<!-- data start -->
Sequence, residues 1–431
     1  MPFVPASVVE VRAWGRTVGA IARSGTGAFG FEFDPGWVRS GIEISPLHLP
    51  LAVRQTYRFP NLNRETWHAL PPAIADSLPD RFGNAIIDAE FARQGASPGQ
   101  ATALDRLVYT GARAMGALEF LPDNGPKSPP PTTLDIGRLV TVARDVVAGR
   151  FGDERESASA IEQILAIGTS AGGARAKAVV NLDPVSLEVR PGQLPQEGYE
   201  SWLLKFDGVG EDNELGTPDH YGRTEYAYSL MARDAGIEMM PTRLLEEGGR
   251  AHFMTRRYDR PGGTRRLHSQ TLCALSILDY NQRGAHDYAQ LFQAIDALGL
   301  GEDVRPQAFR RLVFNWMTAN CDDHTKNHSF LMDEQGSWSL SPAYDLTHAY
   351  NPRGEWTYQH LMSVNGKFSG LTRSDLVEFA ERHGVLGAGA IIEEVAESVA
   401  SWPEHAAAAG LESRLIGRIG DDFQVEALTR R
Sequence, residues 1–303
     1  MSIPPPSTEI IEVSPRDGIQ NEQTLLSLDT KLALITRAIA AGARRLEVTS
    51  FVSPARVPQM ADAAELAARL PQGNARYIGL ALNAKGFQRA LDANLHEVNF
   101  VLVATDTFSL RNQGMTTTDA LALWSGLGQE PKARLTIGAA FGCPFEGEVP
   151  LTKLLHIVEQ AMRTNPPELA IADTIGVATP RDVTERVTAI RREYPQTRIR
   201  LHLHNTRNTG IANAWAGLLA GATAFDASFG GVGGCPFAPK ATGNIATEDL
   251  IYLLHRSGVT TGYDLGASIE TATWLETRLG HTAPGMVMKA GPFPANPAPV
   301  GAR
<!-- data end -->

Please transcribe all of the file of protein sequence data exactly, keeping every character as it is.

Sequence, residues 1–431
     1  MPFVPASVVE VRAWGRTVGA IARSGTGAFG FEFDPGWVRS GIEISPLHLP
    51  LAVRQTYRFP NLNRETWHAL PPAIADSLPD RFGNAIIDAE FARQGASPGQ
   101  ATALDRLVYT GARAMGALEF LPDNGPKSPP PTTLDIGRLV TVARDVVAGR
   151  FGDERESASA IEQILAIGTS AGGARAKAVV NLDPVSLEVR PGQLPQEGYE
   201  SWLLKFDGVG EDNELGTPDH YGRTEYAYSL MARDAGIEMM PTRLLEEGGR
   251  AHFMTRRYDR PGGTRRLHSQ TLCALSILDY NQRGAHDYAQ LFQAIDALGL
   301  GEDVRPQAFR RLVFNWMTAN CDDHTKNHSF LMDEQGSWSL SPAYDLTHAY
   351  NPRGEWTYQH LMSVNGKFSG LTRSDLVEFA ERHGVLGAGA IIEEVAESVA
   401  SWPEHAAAAG LESRLIGRIG DDFQVEALTR R
Sequence, residues 1–303
     1  MSIPPPSTEI IEVSPRDGIQ NEQTLLSLDT KLALITRAIA AGARRLEVTS
    51  FVSPARVPQM ADAAELAARL PQGNARYIGL ALNAKGFQRA LDANLHEVNF
   101  VLVATDTFSL RNQGMTTTDA LALWSGLGQE PKARLTIGAA FGCPFEGEVP
   151  LTKLLHIVEQ AMRTNPPELA IADTIGVATP RDVTERVTAI RREYPQTRIR
   201  LHLHNTRNTG IANAWAGLLA GATAFDASFG GVGGCPFAPK ATGNIATEDL
   251  IYLLHRSGVT TGYDLGASIE TATWLETRLG HTAPGMVMKA GPFPANPAPV
   301  GAR